Springer Nature

Risk of fracture according to temporal changes of low body weight changes in adults over 40 years: a nationwide population-based cohort study

Posted on 2023-05-26 - 03:25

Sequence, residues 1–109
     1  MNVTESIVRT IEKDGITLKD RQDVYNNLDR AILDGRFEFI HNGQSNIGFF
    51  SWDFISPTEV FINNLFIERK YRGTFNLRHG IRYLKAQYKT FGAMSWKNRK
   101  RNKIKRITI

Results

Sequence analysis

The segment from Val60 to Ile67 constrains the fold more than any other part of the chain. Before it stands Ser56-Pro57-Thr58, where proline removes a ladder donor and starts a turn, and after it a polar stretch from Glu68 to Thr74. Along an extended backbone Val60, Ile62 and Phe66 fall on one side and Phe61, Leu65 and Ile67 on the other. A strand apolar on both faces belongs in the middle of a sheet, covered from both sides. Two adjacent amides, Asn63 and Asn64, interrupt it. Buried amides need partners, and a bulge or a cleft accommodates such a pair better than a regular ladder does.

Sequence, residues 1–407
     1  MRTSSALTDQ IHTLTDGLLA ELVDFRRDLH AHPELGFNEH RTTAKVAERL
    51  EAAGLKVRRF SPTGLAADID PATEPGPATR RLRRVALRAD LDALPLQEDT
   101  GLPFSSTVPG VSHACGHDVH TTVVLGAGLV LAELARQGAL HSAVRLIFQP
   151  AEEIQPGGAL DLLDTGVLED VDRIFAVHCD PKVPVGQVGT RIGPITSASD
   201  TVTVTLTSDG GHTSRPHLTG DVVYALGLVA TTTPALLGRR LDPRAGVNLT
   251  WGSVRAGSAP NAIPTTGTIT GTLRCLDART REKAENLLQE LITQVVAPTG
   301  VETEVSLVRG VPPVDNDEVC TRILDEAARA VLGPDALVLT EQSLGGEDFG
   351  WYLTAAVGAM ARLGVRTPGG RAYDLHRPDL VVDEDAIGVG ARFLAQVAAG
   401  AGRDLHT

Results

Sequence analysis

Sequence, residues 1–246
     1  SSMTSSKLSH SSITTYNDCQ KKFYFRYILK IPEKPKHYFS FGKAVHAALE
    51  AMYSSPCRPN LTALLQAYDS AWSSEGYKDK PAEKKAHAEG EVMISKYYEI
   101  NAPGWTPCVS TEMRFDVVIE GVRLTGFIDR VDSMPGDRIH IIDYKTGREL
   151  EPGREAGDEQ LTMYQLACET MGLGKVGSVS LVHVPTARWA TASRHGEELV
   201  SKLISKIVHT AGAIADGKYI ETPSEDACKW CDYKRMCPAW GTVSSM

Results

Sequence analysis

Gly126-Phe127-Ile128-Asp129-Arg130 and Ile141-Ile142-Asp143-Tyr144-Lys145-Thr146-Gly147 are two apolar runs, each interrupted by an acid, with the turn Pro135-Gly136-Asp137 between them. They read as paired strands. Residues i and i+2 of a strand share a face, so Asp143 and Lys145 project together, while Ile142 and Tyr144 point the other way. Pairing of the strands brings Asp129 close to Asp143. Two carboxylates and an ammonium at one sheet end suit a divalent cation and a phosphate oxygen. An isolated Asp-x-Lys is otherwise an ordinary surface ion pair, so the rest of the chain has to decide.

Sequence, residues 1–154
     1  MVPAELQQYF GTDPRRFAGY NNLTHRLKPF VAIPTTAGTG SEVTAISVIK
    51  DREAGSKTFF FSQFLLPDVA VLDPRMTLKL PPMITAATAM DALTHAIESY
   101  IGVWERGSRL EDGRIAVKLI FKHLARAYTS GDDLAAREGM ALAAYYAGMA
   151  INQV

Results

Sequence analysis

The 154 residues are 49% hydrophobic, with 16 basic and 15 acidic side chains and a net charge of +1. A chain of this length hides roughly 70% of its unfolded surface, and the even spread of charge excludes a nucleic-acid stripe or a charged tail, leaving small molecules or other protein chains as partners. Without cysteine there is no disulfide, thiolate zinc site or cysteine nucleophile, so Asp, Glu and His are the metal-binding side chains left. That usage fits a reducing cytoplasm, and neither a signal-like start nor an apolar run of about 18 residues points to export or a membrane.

Abstract Background Low body weight is associated with an increased risk of fractures. However, the effect of temporal changes in the low body weight status on the risk of fracture remains unknown. This study aimed to evaluate the relationships between temporal changes in low body weight status and the risk of fractures in adults over the age of 40 years. Methods This study included data on adults over 40 years old who underwent two biannual consecutive general health examinations between January 1, 2007 and December 31, 2009 extracted from the National Health Insurance Database, a large nationwide population database. Fracture cases in this cohort were monitored from the time of the last health examination to the end of the designated follow-up period (from January 1, 2010 to December 31, 2018) or the participant's death. Fractures were defined as any fracture resulting in hospitalization or outpatient treatment claim after the date of general health screening. The study population was then separated into four groups based on the temporal changes in low body weight status as follows: low body weight to low body weight (L-to-L), low body weight to non-low body weight (L-to-N), non-low body weight to low body weight (N-to-L), and non-low body weight to non-low body weight (N-to-N). The hazard ratios (HRs) for new fractures, depending on weight changes over time, were calculated using Cox proportional hazard analysis. Results Adults in the L-to-L, N-to-L, and L-to-N groups had a substantially increased risk of fractures after multivariate adjustment (HR, 1.165; 95% confidence interval [CI], 1.113–1.218; HR, 1.193; 95% CI, 1.131–1.259; and HR, 1.114; 95% CI, 1.050–1.183, respectively). Although the adjusted HR was greater in participants who changed into having a low body weight, followed by those with consistently low body weight, those with low body weight remained to have an elevated risk of fracture independent of weight fluctuation. Elderly men (aged over 65 years), high blood pressure, and chronic kidney disease were significantly associated with an increase in fractures (p < 0.05). Conclusion Individuals aged over 40 years with low body weight, even after regaining normal weight, had an increased risk of fracture. Moreover, having a low body weight after having a normal body weight increased the risk of fractures the most, followed by those with consistently low body weight.


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